All this because I saw a boy on the canal picking plums from a tree. So I reached into my back pocket, pulled out my extra bag for scooping poop, and he helped me fill it up. Best jam EVER! To eat with the BEST scone recipe ever.

Bake some tonight. Take a load off. Make some tea. And have an English scone. So civilized, isn’t it?

A Few More!

Pumpkin Scones and Bourbon Glaze

Pumpkin scones recipe with bourbon glaze

Chocolate Cherry Scones

Scones with dried cherries, cranberries and chocolate

Maple Nut Scones

Maple Scones with Maple Glaze

I’d Love it if you Follow Me on Pinterest and Pin and Share!

English Scones

This is an updated post from 2014.
clock clock icon cutlery cutlery icon flag flag icon folder folder icon instagram instagram icon pinterest pinterest icon facebook facebook icon print print icon squares squares icon heart heart icon heart solid heart solid icon
English Scones

Easy English Scones

  • Author: Abbe Odenwalder
  • Prep Time: 15 Minutes
  • Cook Time: 15 Minutes
  • Total Time: 30 Minutes
  • Yield: 12 1x
  • Category: Bread
  • Method: Baking
  • Cuisine: British


These soft and cakey scones are the traditional English version that are often served with tea. They are so, so, good!



3 c flour

1/3 c sugar

2 t baking powder

1/2 t salt

1 stick butter, cut into cubes

3/4 c currants

1 c milk

2 eggs


Place oven rack in upper level position, but not at the highest level. Preheat to 500 degrees.

Pulse flour, sugar, baking powder and salt in food processor, until combined or for about 5 pulses.

Add cubed butter and pulse until fully incorporated and mixture is fine with no big clumps or pieces of butter. Transfer to a large bowl.

Whisk milk and eggs together in a small bowl. Set aside 2 T to brush on top of scones before baking.

Add remaining milk mixture to flour mixture and using a spatula, fold ingredients together until flour is moist and incorporated. Transfer dough to a floured surface and shape into a large ball.

With floured hands, knead until surface is smooth and free of cracks. Press gently to form a disk about 9 inches around and about 1 inch thick.

Using a floured round cookie cutter, cut out rounds without twisting them, and place on a parchment lined cookie sheet. Gather scraps and repeat until all dough is used. Brush tops of scones with reserved egg mixture and sprinkle lightly with additional sugar

Place in oven and immediately reduce temperature of oven to 425. Bake until scones have risen and are lightly browned, about 10-12 minutes.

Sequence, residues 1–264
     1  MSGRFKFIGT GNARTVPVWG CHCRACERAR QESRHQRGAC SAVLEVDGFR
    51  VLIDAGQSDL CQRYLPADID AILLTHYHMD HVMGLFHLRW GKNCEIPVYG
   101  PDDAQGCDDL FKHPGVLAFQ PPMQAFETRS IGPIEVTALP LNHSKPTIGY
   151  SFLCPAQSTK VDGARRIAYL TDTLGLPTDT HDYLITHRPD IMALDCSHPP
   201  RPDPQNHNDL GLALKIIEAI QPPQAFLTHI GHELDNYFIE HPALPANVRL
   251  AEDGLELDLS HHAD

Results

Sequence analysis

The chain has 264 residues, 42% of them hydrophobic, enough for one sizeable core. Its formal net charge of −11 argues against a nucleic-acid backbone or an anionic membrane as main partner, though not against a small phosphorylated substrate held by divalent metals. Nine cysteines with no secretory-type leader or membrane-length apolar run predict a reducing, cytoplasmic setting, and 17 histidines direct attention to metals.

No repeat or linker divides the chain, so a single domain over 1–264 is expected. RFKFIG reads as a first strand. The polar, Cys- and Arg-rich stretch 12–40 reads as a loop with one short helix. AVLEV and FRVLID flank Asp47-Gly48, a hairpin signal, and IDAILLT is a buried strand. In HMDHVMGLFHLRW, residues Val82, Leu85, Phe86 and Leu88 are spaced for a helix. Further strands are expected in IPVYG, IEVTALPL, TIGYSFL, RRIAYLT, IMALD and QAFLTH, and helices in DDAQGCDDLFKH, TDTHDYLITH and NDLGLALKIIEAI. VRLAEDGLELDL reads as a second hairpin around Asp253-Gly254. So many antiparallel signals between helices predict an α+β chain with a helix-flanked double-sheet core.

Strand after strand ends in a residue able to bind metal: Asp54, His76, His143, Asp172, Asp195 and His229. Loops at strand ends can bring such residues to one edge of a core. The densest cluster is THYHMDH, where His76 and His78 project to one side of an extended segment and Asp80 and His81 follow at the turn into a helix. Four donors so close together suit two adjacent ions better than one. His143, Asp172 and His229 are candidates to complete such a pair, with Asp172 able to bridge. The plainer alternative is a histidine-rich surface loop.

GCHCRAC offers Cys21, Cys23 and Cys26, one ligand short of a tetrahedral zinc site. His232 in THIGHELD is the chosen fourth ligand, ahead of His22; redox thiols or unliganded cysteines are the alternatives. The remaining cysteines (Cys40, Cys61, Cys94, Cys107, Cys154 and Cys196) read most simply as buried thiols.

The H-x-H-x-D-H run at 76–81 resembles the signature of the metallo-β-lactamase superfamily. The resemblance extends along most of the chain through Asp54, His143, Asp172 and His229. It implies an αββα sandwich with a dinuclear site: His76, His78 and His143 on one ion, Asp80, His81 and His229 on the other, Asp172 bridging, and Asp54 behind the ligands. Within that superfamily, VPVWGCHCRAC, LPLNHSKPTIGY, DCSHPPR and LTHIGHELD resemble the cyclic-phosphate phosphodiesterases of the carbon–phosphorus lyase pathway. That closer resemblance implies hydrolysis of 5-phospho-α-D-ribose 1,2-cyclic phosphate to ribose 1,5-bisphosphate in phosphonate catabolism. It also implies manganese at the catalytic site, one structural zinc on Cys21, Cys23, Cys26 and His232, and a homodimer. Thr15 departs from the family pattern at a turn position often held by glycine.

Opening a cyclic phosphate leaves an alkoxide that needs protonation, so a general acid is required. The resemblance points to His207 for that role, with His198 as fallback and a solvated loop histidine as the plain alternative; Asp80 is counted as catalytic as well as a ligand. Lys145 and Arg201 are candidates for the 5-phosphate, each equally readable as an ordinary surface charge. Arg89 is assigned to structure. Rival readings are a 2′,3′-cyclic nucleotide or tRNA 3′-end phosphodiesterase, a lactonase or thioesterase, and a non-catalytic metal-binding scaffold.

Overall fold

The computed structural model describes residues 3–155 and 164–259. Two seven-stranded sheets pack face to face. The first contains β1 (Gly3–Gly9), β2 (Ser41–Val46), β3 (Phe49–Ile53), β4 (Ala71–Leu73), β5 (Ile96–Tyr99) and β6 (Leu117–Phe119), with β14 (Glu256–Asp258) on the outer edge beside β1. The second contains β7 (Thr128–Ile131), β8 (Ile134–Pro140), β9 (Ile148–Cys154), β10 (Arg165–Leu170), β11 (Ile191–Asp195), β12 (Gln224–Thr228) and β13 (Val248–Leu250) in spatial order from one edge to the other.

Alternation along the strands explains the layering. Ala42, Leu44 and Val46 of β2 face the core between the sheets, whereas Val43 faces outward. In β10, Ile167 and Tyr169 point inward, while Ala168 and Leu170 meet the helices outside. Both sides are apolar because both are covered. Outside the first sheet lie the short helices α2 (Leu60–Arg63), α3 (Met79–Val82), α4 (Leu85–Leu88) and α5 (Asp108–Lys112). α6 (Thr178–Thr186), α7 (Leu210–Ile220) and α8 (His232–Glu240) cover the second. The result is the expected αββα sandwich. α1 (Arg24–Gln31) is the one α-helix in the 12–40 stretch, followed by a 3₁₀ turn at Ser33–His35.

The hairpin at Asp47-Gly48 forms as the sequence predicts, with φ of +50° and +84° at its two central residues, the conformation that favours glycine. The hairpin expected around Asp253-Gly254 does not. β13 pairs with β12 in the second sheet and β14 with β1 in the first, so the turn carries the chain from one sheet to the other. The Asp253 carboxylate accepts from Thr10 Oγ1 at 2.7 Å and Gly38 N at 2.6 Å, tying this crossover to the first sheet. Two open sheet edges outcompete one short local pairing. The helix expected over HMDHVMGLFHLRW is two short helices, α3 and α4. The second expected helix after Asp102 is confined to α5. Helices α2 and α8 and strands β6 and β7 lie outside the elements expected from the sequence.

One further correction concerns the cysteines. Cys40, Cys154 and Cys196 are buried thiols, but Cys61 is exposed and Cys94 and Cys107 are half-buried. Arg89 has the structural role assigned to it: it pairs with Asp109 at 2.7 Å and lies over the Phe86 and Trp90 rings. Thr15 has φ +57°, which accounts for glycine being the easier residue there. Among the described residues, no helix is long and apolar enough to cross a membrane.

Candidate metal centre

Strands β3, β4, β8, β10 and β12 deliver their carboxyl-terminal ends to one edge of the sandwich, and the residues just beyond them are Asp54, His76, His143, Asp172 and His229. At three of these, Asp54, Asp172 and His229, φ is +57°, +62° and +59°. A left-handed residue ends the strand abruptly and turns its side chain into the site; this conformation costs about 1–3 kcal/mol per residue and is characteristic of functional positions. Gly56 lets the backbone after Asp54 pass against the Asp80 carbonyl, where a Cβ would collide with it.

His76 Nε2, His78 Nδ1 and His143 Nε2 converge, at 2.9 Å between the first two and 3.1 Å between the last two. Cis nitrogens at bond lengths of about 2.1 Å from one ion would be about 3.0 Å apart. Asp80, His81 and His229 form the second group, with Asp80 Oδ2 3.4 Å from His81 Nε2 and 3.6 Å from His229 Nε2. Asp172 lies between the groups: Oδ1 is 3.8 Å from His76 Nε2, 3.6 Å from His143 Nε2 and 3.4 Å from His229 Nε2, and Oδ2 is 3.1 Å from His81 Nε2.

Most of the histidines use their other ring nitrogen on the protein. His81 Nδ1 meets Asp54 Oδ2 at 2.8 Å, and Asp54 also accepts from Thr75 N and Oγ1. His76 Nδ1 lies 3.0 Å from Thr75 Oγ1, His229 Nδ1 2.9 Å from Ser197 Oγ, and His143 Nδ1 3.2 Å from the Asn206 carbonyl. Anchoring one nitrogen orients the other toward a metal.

Serve warm or at room temperature with more butter, or clotted cream and jam.


Thanks Cooks Illustrated!

Keywords: english scones recipe, biscuit vs. scone, best scones recipes, what is a scone

More Food to Eat while Drinking Tea:
Pumpkin Brown Sugar Muffins
Egg Salad
Black Pepper Strawberry Jam
Lemon Rose Madeleines
Chocolate Krantz Cake or Babka


You Might Also Like


  • Reply
    March 16, 2021 at 2:56 pm

    I love English scones, especially with currents. Your scones looks perfect, The color, the texture and the rise. I am bookmarking this page. I can’t wait to try.

    • Reply
      March 18, 2021 at 7:52 pm

      Thanks Holly. We do love these! Let me know what you think!

  • Reply
    Michelle | Sift & Simmer
    March 16, 2021 at 10:58 am

    [* Shield Security plugin marked this comment as “SPAM”. Reason: Failed Bot Test (expired) *]
    Yum, these scones look so light and flaky! It was during my trip to London where I discovered REAL clotted cream… and now I can’t have scones without it!

  • Reply
    March 15, 2021 at 9:02 pm

    Abbe, these scones look amazing! The UK, especially London, is on my bucket list of places to see. But, until we can get there I’m glad to have your recipe 🙂 Can’t wait to try these.

    • Reply
      March 16, 2021 at 12:42 pm

      Make a cup of tea and pretend! In that new kitchen!

    • Reply
      March 18, 2021 at 7:53 pm

      I do hope you get there fast! We have been lucky to go several times and it still is never enough!

  • Reply
    March 15, 2021 at 2:41 am

    as you know, a biscuit is a totally different entity to a scone to those of british heritage:) but these look so delightful; a real british scone, fluffy and light. always a winner.